And she goes on to continue, she continues by expressing her concern that women demanding the vote in Britain is like putting the cart before the horse. Nothing will change for men or women until sort of class, attitudes of class and the upper class, actually don't hold so much of the wealth in their hands.
All right, so. This fabulous image. It's from the suffrage parade that took place in Washington, D.C., on March 3rd, 1913. In it, you can see a procession of women in white behind a float, with the text that says, “We demand an amendment to the Constitution of the United States enfranchising the women of this country.” And in the front is a woman on a white horse, dressed in white.
Helen took part in this march, and the archive contains a speech that she was set to deliver at the parade, but that was not actually eventually delivered.
An excerpt from this speech reads, "I would not belittle the value of political power of legislation for women, but our effort to enfranchise women is only part of the mighty work, which shall free all mankind. That means freedom for every man and every woman to earn the sweet bread of life and eat it in content."
Again, Helen's argument is that enfranchisement is just one method of gaining true social equality. The implication, again, financial equality is the key to changing society. And fascinatingly, the following day, many of you might know this already, was March 4th, when President Woodrow Wilson was inaugurated.
She strongly opposed his politics. And she wrote, subsequently wrote about the suffrage parade.
She wrote, "The woman's suffrage pageant yesterday was in some ways more significant than the inauguration today. It symbolized the coming of the new, not the passing of the old. Owing to some misunderstanding, I was caught in a jostling throng and never took the part, which was assigned to me in the The stupid inefficiency of the Washington police allowed the people to block the streets and the parade was broken. A failure as a spectacle. Today, of course, many of us women are indignant and disappointed, but it is only our artistic sense, that is hurt. We are inclined to be ironic when we behold the incompetence of men in the capitol city of our great free nation. Police and soldiers are very capable when it comes to protecting a factory against striking mill workers."
Okay. So we believe she could not deliver the speech because she was rattled by the sort of the crowd and the sort of chaos of the day. But this was not—far from the last time she attended a rally. She attended many. Okay.
So here we have, she was always in the thick of it. This is 1915. She took part in a parade that was in Massachusetts. She was a part of a cavalcade, and she took the opportunity to have a car that she was in, stop in front of the governor of Massachusetts, who was also in attendance. And she had a messenger hand deliver a letter to the governor.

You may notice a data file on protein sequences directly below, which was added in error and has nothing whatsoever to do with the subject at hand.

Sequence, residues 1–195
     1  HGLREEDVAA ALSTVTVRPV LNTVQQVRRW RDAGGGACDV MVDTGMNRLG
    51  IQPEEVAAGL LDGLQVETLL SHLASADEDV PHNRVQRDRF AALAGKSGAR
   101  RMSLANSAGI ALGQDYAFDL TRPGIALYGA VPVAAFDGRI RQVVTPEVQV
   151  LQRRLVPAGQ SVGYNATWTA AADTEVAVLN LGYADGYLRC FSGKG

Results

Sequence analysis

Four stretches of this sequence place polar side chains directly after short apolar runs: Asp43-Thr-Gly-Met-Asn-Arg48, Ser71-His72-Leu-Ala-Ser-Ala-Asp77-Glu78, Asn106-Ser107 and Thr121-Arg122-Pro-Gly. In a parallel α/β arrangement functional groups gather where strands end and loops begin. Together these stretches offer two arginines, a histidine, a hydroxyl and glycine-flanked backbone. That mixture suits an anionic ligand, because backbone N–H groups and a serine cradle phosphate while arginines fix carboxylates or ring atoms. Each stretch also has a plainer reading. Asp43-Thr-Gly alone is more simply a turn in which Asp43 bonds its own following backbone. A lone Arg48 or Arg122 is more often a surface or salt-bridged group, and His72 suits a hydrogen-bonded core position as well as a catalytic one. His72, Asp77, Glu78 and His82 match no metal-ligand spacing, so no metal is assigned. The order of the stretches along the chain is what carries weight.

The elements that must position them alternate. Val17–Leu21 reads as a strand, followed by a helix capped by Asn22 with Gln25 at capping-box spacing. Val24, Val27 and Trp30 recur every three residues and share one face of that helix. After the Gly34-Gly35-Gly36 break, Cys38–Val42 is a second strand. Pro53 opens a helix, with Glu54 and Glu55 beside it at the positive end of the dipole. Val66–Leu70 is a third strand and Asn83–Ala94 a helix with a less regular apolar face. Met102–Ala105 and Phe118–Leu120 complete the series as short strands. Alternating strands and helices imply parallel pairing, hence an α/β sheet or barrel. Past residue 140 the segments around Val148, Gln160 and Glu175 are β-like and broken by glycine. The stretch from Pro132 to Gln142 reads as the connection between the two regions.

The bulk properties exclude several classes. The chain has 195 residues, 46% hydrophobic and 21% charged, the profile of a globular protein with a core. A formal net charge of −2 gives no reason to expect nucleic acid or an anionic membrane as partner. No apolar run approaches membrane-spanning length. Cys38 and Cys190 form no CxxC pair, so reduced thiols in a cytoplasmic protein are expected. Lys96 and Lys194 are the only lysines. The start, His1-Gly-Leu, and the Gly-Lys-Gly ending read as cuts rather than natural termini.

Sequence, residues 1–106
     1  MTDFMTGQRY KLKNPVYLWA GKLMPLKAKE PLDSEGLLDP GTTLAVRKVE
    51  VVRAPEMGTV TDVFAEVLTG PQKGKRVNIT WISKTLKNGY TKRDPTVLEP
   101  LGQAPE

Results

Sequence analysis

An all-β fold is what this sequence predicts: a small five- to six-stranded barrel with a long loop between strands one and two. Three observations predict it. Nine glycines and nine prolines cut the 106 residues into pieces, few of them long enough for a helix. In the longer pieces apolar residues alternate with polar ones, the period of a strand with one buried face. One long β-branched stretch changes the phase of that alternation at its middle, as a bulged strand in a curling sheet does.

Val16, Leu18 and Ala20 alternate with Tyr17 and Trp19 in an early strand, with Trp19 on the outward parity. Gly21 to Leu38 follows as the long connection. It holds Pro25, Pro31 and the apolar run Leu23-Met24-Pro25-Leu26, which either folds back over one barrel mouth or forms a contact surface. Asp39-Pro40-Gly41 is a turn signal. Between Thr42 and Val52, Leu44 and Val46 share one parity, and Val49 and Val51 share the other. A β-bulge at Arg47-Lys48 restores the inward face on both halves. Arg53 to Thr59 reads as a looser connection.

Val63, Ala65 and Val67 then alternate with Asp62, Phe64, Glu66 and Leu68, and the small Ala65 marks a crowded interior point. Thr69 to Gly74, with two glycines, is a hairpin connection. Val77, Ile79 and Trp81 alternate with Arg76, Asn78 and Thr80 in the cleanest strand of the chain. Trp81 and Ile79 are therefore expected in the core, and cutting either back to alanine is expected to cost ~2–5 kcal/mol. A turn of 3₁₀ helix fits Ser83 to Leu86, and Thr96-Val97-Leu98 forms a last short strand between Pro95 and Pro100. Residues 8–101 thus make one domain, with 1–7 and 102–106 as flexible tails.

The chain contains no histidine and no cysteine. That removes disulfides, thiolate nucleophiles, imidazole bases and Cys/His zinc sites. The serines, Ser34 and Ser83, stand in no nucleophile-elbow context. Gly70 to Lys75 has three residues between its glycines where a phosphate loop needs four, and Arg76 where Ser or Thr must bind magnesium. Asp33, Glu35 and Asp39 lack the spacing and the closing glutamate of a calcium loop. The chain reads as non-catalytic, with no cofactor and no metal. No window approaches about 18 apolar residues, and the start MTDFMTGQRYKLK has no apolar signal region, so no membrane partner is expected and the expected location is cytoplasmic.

And just so as you know, the governor was a gentleman called David Walsh. He was the first Irish Catholic Democratic governor of Massachusetts and an active supporter for the fight for women's suffrage. And in it, it's interesting, she... the tone of the way she goes about demanding women's suffrage changes. She writes, “Your Excellency— I am glad to learn that you are going to vote for women's suffrage. ... The struggle for the extension of suffrage to women means more than mere political power. The vote is a symbol of the larger outlook upon life, the new position that women are gaining in the world. … The parade which you will witness today will soon be over, but the march of women along the highways of progress shall not cease.”
She's not focusing on, really on economics anymore. And the journalist, you can see her letter was published in the local paper, and the journalist beneath her letter writes, “Helen bowed, graciously.” The tone’s gentle and courteous and not strident. As I hope we'll see, Helen was incredibly savvy when it came to her audience. She knew how to change the message and the tone for the audience.
It must have taken sort of, quite a bit of engineering really, to, it really was a performance. She had this letter that she wanted to give over to the governor.
She was in a car cavalcade. She obviously figured it all out in advance. So hopefully we'll see that that actually goes on for the rest of her career. She was amazing at gauging her audience and getting the most out of them.
All right. So, the following year, it's June 1916. Five months before the upcoming general election of November in Chicago. The New Woman's Party, what she's referring to is the National Woman's Party. This was a political party that was created the same year, in 1916. And their goal was primarily, well actually, it was entirely focused on suffrage. After they achieved suffrage, they actually ended up working towards the Equal Rights Amendment, which is also very interesting. But Helen wrote here, again, this is changing again.